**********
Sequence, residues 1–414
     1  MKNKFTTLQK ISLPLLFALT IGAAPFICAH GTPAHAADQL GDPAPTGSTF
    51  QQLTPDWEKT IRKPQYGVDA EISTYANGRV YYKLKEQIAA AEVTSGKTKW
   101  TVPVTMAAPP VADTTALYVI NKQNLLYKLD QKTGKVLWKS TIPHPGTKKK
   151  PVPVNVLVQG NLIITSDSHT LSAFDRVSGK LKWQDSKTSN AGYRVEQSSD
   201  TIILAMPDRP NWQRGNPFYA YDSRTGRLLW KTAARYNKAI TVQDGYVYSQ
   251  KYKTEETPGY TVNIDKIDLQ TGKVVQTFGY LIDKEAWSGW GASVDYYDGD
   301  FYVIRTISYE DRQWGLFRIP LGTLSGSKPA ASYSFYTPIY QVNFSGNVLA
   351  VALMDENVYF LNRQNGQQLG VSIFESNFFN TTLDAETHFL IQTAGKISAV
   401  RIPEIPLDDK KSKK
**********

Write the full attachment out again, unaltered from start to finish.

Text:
Sequence, residues 1–414
     1  MKNKFTTLQK ISLPLLFALT IGAAPFICAH GTPAHAADQL GDPAPTGSTF
    51  QQLTPDWEKT IRKPQYGVDA EISTYANGRV YYKLKEQIAA AEVTSGKTKW
   101  TVPVTMAAPP VADTTALYVI NKQNLLYKLD QKTGKVLWKS TIPHPGTKKK
   151  PVPVNVLVQG NLIITSDSHT LSAFDRVSGK LKWQDSKTSN AGYRVEQSSD
   201  TIILAMPDRP NWQRGNPFYA YDSRTGRLLW KTAARYNKAI TVQDGYVYSQ
   251  KYKTEETPGY TVNIDKIDLQ TGKVVQTFGY LIDKEAWSGW GASVDYYDGD
   301  FYVIRTISYE DRQWGLFRIP LGTLSGSKPA ASYSFYTPIY QVNFSGNVLA
   351  VALMDENVYF LNRQNGQQLG VSIFESNFFN TTLDAETHFL IQTAGKISAV
   401  RIPEIPLDDK KSKK